More layoffs expected at state and local levels
Federal aid won’t stanch job losses
WASHINGTON — An injection of $26 billion in federal aid will not be enough to save the jobs of more than a half million people who work for state and local governments or for companies that do business with them.
Economists say state and local budget gaps are so vast that up to 30,000 public jobs will be cut each month at least through year’s end. And private companies that contract with states and localities are likely to cut even more deeply.
All told, 600,000 to 700,000 jobs will probably vanish over the next 12 months at states, localities, private contractors, and other businesses that depend on government business, according to the Center on Budget and Policy Priorities, a Washington think tank.
The July unemployment report, released Friday, showed state and local governments cut 48,000 jobs last month — more than in any month in the last year.
State and local governments already have shed 169,000 jobs this year. And since their peak in 2008, state and local payrolls have shrunk by 316,000, a figure that does not include private sector jobs tied to government spending.
Federal Reserve Chairman Ben Bernanke warned last week that cuts in spending and jobs at the state and local level were helping to slow the economic recovery. And two-thirds of economists who responded to the latest quarterly AP Economy Survey said they thought states’ budget crises posed a significant or severe threat to the economy.
When states and localities slash services and jobs, so do companies that contract with those governments to build school buildings or repair bridges. The cutbacks ripple through the national economy, causing individuals to spend less, too. Full-time state and local government workers earn an average of $82,800 in wages and benefits annually, according to Labor Department data.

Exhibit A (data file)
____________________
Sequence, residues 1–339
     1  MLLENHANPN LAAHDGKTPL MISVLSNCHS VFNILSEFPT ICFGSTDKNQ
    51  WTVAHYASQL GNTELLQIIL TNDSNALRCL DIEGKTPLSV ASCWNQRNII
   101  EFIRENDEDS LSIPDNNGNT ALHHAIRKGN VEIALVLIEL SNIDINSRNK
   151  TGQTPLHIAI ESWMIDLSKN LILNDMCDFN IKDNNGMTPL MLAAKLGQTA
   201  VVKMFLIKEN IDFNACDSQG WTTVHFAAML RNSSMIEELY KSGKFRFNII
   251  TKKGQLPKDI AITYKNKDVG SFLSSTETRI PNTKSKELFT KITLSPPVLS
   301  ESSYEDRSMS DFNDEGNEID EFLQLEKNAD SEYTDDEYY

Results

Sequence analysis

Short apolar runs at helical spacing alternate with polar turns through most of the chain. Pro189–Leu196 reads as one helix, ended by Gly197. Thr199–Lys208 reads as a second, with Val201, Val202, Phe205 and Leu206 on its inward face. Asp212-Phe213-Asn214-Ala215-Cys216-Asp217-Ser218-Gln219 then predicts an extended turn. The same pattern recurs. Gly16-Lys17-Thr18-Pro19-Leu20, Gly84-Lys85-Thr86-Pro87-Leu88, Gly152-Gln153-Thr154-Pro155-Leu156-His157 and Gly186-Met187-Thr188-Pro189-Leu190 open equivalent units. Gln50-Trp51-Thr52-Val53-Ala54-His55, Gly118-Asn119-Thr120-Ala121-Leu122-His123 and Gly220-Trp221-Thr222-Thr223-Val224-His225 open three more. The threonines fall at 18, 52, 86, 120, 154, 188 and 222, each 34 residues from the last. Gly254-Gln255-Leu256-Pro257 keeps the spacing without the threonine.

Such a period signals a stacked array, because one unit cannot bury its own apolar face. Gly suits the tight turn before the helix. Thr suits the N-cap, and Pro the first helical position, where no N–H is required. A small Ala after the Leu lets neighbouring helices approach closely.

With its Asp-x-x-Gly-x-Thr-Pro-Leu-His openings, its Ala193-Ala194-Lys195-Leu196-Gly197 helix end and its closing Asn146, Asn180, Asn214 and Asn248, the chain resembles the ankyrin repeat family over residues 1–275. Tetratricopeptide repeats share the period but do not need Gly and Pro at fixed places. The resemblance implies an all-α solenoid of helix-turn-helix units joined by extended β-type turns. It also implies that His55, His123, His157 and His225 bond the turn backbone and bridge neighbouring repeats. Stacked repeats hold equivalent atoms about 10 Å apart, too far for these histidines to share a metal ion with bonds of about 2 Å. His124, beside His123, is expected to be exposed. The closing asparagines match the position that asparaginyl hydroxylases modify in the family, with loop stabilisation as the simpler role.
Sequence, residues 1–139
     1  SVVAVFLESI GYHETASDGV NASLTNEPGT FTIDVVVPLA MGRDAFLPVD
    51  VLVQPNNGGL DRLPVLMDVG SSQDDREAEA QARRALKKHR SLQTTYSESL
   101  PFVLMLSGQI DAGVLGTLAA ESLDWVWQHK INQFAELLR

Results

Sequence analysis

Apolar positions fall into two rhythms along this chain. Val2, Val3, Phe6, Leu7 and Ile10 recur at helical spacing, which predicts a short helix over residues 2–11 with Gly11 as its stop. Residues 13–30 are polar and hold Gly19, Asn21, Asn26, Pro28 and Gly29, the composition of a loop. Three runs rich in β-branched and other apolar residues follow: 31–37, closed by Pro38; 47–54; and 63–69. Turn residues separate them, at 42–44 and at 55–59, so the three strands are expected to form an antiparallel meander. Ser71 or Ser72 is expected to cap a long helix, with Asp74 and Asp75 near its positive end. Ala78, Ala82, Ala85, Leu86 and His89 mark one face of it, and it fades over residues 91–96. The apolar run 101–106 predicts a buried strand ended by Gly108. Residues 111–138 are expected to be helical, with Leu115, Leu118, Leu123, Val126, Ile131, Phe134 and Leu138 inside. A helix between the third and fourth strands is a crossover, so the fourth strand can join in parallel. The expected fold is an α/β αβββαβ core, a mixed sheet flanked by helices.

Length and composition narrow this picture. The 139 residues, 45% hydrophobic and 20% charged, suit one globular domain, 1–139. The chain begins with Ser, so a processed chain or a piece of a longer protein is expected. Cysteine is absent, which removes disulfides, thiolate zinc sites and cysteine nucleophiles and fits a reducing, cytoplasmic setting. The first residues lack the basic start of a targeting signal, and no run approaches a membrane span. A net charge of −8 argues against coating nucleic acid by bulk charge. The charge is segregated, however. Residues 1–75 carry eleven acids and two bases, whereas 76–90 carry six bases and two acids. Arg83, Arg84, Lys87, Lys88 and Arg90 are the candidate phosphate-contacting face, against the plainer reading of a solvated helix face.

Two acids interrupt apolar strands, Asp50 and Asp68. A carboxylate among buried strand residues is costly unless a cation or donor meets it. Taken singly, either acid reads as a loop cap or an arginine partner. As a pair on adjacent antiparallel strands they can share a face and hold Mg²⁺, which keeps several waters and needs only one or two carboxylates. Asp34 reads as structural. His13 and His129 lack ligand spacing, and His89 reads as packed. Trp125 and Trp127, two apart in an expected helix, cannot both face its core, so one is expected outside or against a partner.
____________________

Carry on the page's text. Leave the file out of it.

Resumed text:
The drop in state and local government spending in the first three months of this year shaved about half a percentage point off national economic activity.
The cuts stem from shrinking state income and tax revenue resulting from the recession. Total state revenue fell 11 percent from fiscal year 2008, when the recession began, to fiscal 2010, the National Association of State Budget Officers has estimated.
Colorado Springs has turned off thousands of streetlights to save $1.2 million a year, The Gazette of Colorado Springs reported. In Pittsburgh, the transit authority unveiled a plan last month to reduce service and at least 500 of its 2,700 jobs, according to the Pittsburgh Post-Gazette.
An expected infusion of federal aid will help blunt the damage. The Senate last week approved a $26 billion package of aid to states in hopes of saving the jobs of teachers and other public workers. Approval by the House is expected this week.
“Without the money, I would have to say the worst of the layoffs would be yet to come,’’ said Brian Sigritz, director of state fiscal studies at the budget officers’ association. “It’s definitely a help.’’
But even with the aid, states face a collective gap of $62.3 billion in the 2011 budget year, which started July 1 for most states. An additional $53.4 billion shortfall is expected in the 2012 fiscal year, Sigritz said.
Unlike the federal government, every state but Vermont requires a balanced budget. That is why the pace of both service cuts and layoffs is expected to persist, even while the struggling economy forces more people to turn to states for health care and other social services.
States’ spending and revenue are not likely to return to prerecession levels until fiscal year 2012 or later, the budget officers’ group says.